Bentonville, Ark. – The home of Walmart and the Walton family, Bentonville has invested heavily in mountain bike tourism and it has paid off. The Walton Foundation has invested $74 million over ten years constructing over 150 miles of trails in Northwest Arkansas. A study by People for Bikes reports $137 million in 2016 economic benefits. Unique to the study, they have separated $86 million in directly-related health benefits and $51 million in business revenue. Traveling from outside the area, you need quite a bit of time to experience all the area has to offer, and it’s pretty awesome.
Western North Carolina – Brevard and Bryson City are the two hubs of mountain biking with Brevard having the greatest mileage and variety. They are the gateways to Pisgah and Nantahala National Forests, with Brevard also boasting DuPont State Park. DuPont State Park has plenty of buffed flow trails but does not lack for adventure in any way. Pisgah is old school rocks, roots, and more miles of trail. Mountain bikers visit at about 435,000 times per year and spend about $30.2 million. WNC residents add another $18 million. Overall, mountain bike tourism supports 366 full-time jobs and $9 million in job income. In 2012 Oskar Blues Brewery of Lyons, Color. opened a satellite brewery in Brevard. The draw was not just the clean clear mountain water but also the mountain biking. They employee about 65 full-time employees.
Crosby, Minn. – In 1970 iron mining companies pulled the plug and left, leaving behind a scarred landscape, and a collapsing economy. Over the next 20 years the area became an illegal dumping ground. In 1993 the state cleaned it up, designating it a state recreation area, but no one came. Mountain bikers from Minneapolis, 125 miles away, lobbied the state to create their first mountain bike focused park. The state hired a professional trail building crew to construct 25 miles of trail opening in 2011. A study has shown 25,000 cyclists have generated $2 million annually to the local economy. Since 2011, 15 new businesses have opened, and once the planned expansion reaches 75 miles of trails, the impact is estimated to reach $21 million annually.
Plan for the Future: Peck Hill State Forest, Fulton County and the Adirondacks – There is one intangible commonality among successful mountain bike communities, the all-inclusive vibe that welcomes mountain biking tourists to the area.
The potential for communities to reap the benefits, both health and economic, is nearly limitless. One such community with exceptional potential is the Johnstown-Gloversville area in Fulton County. Currently three local state forests are undergoing review of their Unit Management Plan. Public hearings have already concluded. In the UMP, the NYS DEC has included mountain biking. The area was once an industry leader in leather goods. Those jobs have left, as well as jobs from a closed correctional facility. Not many manufacturing jobs remain and most of the well-paying jobs are a significant commute.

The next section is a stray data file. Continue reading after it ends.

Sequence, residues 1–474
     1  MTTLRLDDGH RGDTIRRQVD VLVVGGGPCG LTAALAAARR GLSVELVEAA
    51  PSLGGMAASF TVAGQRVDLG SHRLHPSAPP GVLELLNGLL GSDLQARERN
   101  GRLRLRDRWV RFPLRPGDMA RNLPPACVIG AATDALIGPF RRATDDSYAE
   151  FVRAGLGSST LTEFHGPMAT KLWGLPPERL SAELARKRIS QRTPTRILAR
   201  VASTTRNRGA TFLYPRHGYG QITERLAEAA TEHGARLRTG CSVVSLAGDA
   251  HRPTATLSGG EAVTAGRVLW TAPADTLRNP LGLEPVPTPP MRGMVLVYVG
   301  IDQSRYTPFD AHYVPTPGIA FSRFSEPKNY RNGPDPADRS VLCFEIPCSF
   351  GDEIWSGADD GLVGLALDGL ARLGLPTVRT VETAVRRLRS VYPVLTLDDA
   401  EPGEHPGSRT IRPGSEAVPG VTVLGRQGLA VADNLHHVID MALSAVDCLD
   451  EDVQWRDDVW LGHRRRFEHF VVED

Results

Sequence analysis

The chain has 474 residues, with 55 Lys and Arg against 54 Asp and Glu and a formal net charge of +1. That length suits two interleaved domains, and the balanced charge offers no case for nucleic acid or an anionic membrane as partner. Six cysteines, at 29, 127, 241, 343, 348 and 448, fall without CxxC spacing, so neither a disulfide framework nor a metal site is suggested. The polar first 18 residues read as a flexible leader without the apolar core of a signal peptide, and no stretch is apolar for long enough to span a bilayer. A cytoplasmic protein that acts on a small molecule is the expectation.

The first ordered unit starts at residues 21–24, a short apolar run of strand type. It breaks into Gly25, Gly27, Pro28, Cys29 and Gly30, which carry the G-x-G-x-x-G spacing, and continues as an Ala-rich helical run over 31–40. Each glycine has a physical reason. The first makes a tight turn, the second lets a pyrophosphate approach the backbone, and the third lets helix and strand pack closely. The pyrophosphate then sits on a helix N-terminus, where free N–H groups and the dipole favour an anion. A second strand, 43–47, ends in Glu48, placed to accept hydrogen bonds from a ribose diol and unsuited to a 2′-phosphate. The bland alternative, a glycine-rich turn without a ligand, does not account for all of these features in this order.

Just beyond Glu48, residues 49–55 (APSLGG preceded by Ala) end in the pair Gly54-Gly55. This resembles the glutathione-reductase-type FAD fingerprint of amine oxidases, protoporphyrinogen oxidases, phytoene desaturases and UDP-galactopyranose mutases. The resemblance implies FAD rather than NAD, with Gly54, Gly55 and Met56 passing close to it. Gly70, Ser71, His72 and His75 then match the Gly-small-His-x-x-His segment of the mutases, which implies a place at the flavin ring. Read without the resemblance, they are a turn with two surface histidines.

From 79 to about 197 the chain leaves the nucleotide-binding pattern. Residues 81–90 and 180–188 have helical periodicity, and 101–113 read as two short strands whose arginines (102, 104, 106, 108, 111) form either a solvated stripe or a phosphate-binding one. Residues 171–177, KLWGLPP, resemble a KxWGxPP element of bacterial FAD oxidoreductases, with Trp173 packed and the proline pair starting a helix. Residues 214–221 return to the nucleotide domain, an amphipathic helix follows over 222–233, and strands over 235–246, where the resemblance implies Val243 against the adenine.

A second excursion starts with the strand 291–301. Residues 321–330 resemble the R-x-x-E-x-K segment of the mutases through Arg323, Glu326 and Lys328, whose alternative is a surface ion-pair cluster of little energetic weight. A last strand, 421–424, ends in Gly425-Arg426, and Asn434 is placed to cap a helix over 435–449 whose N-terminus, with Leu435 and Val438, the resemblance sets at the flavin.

Three core variables are essential to success: resources, volunteerism, and buy-in from the community. Fulton County State Forest is a 5,000-acre resource. Peck Hill State Forest encompasses 2,700 acres, just south of the Adirondack Blue Line, and is closest of the three forests to Johnstown and Gloversville. The foundation of resources is immediately available. The Adirondack Velo Club has a volunteer stewardship agreement with DEC and has already laid out nearly four miles of perimeter trail in one parcel of Peck Forest. The potential for collaboration with Fulton County Trail Blazers, a snowmobile club, also exists. Matt Sherman, owner of Stump City Brewing, is a vocal proponent of building trails in Peck Forest. His brewery is across the street from the forest and has recently expanded their brewing capacity. Likewise, Neil Auty, owner of The Bike Works in Johnstown, has reported an uptick in mountain bike sales, especially noting an increase in sales of higher end mountain bikes.
Community support is essential for success. Local leadership from government, business and community stakeholders combined can develop a plan to link a trail system with Gloversville and Johnstown. Economic support in the way of grants and state funds would accelerate the building of trails. Further study, supported by grants, could also determine if professional trail builders are feasible.
Mike Feldman (beerjerseyrider.blogspot.com) of Benson will represent the Beer Jersey Riders in The Adirondack Trail Ride 2019.